The first surgeons I spoke with would not consider me for surgery because I was too great a risk. Finally, Dr. Gary Cooper in Chico, CA agreed to do my surgery if my cardiologist and pulmonologist approved. The pulmonary doctor fought me, although he knew my life was hardly worth living. His nurse finally convinced him that I had done my homework and understood the risks. My insurance authorized the surgery, but what they reimbursed was so low the surgeon would not accept it. Because it is government insurance, I could not pay the difference so I paid both surgeons fees and my insurance paid for the hospitalization and other consults.

The day of surgery, July 6, 2004, I weighed 389 pounds. The surgery went well, although my spleen ruptured and it had to be removed. I went home in 5 days. Ten days later I developed a GI bleed, which was unrelated to the surgery. My blood thinners had been resumed too soon. I had 18 units of red blood cells, and 14 units of fresh frozen plasma, but they did not have to do any surgery because it all corrected itself.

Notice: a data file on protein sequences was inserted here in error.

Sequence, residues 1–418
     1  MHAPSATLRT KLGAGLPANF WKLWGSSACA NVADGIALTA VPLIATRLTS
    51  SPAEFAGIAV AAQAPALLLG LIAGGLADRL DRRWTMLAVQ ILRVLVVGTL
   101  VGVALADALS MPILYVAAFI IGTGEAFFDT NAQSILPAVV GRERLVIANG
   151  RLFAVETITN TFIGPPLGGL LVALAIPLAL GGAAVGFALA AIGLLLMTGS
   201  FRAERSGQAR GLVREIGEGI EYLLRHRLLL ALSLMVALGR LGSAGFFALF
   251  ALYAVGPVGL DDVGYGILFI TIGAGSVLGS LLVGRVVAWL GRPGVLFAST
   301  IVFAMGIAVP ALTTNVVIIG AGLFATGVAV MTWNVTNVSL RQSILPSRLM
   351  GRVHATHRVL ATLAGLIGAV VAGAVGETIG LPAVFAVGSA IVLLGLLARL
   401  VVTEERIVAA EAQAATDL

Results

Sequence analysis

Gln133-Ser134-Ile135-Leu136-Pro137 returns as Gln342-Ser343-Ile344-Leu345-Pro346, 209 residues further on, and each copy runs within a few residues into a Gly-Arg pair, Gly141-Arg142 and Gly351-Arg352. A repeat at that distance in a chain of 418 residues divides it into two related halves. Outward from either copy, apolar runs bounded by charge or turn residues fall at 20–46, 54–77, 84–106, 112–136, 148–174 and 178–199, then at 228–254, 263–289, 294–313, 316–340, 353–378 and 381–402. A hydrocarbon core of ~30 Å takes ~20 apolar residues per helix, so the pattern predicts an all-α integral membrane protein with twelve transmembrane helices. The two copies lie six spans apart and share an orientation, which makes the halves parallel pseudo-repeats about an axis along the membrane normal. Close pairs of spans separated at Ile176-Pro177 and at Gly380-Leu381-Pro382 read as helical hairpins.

I have had many plateaus and it has been hard not to get discouraged at those times. But I have never felt that overpowering hunger that used to plague me constantly. I am fortunate that I can eat anything except sugar, which makes me dump. I have never had a problem with vomiting, diarrhea, or constipation.

Here are three interesting facts. Prior to surgery I hated chicken and now I  like it. Prior to surgery I loved milk and now I cannot stand it. Prior to surgery I was hot all the time and now I can’t seem to get warm.